It's happened too many times for me to count. A well-meaning person asks me if I work. It’s automatic. They take one look at my disability and motorized wheelchair, and think: “this person couldn’t possibly work.”
It would be easy to take offense since I have worked continuously and advanced in my career since graduating college (and later graduate school) 20 years ago. But I understand the assumption because it is everywhere in our society. “People with disabilities can’t work / shouldn’t work/don’t want to work.” Or some variation. Like many myths, it’s believed often without question. But it is just not true.
I was diagnosed with severe rheumatoid arthritis around age two, so don’t remember a life before disability. As a small child, I remember learning to manage pain, grapple with fatigue, and live with a gradually worsening disability.
Around age 10 I started using a wheelchair to help with my mobility. This device became a tool for independence, not the anchor of limitation that most people see when observing a wheelchair. I had more energy and opportunity to do more.
During high school, I prepared for college, just like many of my fellow students. My parents expected me to find a career and establish an independent life. They knew I would face challenges with my disability, but it didn’t matter because they wished the same for me that all parents do--happiness and fulfillment.
Joining the Workforce
If you don’t count helping out in my mother’s office and an unpaid college internship of entering data from a psychological study into an antique computer, my first job was a paid internship at a small nonprofit the summer before graduating college. I was so excited! I lived on my own in a new city, went to work, and felt like I was not only earning my paycheck, but making a difference!
Working and contributing to my society was something I realized I had been dreaming about for a long time. I wanted to prove my worth and contribute to a mission. For me work has always been more than income--it’s also about helping others.
Since that first job, I have never questioned my ability to work and contribute to an employer’s mission. The nonprofit hired me full time after I graduated from college and I have worked continuously since then for a variety of employers. My skills grew from experience and a graduate education (earned while working full time!), as did my level of responsibility and professional reputation.
I’m an active member and past leader of a local professional organization for my industry (public relations and communications). And I am always interested in learning and developing my skills.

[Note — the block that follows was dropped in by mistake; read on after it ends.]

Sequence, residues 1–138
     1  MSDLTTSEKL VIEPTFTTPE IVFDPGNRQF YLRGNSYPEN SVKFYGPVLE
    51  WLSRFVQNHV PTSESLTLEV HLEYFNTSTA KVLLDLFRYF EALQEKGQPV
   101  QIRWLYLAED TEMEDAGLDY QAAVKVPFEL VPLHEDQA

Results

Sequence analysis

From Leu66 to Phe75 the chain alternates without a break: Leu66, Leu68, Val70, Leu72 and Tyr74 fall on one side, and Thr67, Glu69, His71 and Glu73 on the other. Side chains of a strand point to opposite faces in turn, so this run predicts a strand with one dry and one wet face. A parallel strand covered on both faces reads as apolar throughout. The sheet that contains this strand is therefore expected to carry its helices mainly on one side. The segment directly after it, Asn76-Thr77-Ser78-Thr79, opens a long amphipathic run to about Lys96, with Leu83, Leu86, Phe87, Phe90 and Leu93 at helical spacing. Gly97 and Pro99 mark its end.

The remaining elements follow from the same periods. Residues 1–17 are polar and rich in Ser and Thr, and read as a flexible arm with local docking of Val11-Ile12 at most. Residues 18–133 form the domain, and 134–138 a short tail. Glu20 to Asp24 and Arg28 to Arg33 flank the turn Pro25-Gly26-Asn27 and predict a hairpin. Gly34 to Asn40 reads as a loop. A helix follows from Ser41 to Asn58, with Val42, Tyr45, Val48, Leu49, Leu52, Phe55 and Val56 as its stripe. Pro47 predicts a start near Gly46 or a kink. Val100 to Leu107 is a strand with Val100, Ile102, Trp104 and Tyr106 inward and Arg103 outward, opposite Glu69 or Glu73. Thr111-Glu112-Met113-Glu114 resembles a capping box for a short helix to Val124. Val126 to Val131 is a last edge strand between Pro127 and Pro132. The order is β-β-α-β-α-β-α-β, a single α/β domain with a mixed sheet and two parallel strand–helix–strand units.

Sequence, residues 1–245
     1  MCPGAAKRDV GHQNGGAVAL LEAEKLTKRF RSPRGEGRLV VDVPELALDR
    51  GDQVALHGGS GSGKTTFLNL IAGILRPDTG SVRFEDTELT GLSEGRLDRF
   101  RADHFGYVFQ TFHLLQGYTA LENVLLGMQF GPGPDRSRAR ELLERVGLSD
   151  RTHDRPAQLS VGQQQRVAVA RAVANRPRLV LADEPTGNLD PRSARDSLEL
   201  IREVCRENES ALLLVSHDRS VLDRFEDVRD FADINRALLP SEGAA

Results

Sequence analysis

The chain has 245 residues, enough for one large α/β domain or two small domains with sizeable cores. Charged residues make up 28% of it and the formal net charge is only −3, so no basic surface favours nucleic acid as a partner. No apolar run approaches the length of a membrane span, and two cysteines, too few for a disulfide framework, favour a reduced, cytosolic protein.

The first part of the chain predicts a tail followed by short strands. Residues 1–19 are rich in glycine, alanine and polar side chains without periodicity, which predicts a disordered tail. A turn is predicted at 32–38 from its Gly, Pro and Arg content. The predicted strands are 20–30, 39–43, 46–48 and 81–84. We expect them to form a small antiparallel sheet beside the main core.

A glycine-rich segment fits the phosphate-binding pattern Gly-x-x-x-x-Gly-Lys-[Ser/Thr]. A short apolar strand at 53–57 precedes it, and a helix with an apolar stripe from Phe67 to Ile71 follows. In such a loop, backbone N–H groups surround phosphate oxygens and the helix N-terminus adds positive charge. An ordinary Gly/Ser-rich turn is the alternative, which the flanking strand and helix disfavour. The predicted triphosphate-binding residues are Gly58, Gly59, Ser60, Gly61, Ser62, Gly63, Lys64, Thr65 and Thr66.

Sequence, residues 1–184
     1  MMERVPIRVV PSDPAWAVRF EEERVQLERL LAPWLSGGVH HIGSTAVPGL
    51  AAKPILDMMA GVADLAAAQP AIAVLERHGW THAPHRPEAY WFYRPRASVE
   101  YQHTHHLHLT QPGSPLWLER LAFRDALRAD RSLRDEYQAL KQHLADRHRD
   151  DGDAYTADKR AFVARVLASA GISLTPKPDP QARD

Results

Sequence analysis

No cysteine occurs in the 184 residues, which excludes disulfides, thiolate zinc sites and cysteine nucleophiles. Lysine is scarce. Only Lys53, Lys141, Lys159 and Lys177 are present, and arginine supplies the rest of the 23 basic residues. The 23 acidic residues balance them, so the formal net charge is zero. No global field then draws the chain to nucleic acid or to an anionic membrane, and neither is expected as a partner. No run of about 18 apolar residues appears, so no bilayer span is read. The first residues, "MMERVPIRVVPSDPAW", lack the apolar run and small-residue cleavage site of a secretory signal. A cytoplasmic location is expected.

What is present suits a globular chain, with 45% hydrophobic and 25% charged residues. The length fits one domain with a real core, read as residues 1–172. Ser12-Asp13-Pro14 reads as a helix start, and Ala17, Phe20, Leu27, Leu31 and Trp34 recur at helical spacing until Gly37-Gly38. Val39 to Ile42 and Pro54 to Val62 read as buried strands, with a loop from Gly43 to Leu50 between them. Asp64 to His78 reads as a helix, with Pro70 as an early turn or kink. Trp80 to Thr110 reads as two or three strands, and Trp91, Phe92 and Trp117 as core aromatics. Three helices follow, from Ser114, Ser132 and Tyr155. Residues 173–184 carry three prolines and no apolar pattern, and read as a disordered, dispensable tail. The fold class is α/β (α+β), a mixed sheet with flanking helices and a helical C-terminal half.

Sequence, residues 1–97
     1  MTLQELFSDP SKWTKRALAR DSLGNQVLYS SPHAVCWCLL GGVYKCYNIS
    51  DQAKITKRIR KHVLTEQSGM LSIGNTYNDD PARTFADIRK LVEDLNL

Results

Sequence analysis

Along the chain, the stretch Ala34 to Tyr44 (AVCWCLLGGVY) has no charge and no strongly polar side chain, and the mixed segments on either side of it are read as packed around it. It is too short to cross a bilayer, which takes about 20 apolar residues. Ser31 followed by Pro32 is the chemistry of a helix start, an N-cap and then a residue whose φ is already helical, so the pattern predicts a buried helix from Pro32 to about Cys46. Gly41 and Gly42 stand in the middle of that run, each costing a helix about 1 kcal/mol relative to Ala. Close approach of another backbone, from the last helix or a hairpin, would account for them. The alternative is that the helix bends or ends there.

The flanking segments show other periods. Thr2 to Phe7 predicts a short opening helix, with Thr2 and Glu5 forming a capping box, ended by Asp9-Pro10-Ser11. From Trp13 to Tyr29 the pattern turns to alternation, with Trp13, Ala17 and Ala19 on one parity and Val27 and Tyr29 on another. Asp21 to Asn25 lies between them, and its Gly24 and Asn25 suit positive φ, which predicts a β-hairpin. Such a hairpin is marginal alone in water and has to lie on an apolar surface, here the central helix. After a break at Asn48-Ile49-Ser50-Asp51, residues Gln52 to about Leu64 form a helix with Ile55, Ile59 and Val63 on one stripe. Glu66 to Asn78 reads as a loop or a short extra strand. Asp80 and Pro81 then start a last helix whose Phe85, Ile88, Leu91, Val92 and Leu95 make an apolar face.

The Realities of Working with a Disability
I can’t say it is always easy working with my disability. I know that I have not been hired because people saw my disability as an obstacle to employment rather than as an asset. I sometimes struggle with my health, related to my disability, but have been fortunate to have employers and supervisors who supported me because they knew my value.
I believe my disability brings many qualities that employers need. I can often bring a different perspective to looking at and solving a problem because of my disability. This is a skill I use every day in my personal life!
Several employers have appreciated my tenacity. I just don’t give up. I’ve learned to hang in there and keep trying--that is how many accomplishments are achieved in work and life.
Perhaps most importantly I have learned to appreciate the little things and live life with a smile. Through my personal challenges, I know a bad day will end and that little victories can feel huge.
Why Employers Need to Hire More People with Disabilities
In many ways, hiring people with disabilities is one of the last barriers standing for an inclusive society for all. Only 30 percent of people with disabilities are currently employed, compared to 70 percent of people without disabilities. If we can learn to appreciate the unique skills of people with a variety of disabilities, we will finally be tapping into the widest talent pool available.
Since the passage of the Americans with Disabilities Act when I was a teenager, I’ve witnessed a lot of change towards the inclusion of people with disabilities. Our communities and transportation are now widely expected to be accessible and available to all.
Now it is time for our workplaces. I don’t say this just because it is the right thing to do (yet it is). I say this because it is the smart thing for us to do. If we really want to create, build, and develop then we need the full scope of talent--including people with disabilities.